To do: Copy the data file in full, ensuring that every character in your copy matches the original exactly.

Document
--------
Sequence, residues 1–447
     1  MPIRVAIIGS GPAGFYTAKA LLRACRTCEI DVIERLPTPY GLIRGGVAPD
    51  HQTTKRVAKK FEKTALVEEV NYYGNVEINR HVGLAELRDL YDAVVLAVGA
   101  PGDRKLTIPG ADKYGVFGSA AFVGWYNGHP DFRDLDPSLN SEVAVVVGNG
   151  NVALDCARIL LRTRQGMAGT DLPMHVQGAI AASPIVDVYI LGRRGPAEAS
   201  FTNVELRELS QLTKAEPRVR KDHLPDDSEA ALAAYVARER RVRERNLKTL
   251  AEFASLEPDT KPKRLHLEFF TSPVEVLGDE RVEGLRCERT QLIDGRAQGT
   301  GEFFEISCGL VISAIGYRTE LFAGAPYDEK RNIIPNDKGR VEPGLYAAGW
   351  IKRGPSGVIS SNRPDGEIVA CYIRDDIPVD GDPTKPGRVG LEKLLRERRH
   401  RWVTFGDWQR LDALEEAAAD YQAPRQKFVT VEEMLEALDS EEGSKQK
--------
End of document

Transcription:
Sequence, residues 1–447
     1  MPIRVAIIGS GPAGFYTAKA LLRACRTCEI DVIERLPTPY GLIRGGVAPD
    51  HQTTKRVAKK FEKTALVEEV NYYGNVEINR HVGLAELRDL YDAVVLAVGA
   101  PGDRKLTIPG ADKYGVFGSA AFVGWYNGHP DFRDLDPSLN SEVAVVVGNG
   151  NVALDCARIL LRTRQGMAGT DLPMHVQGAI AASPIVDVYI LGRRGPAEAS
   201  FTNVELRELS QLTKAEPRVR KDHLPDDSEA ALAAYVARER RVRERNLKTL
   251  AEFASLEPDT KPKRLHLEFF TSPVEVLGDE RVEGLRCERT QLIDGRAQGT
   301  GEFFEISCGL VISAIGYRTE LFAGAPYDEK RNIIPNDKGR VEPGLYAAGW
   351  IKRGPSGVIS SNRPDGEIVA CYIRDDIPVD GDPTKPGRVG LEKLLRERRH
   401  RWVTFGDWQR LDALEEAAAD YQAPRQKFVT VEEMLEALDS EEGSKQK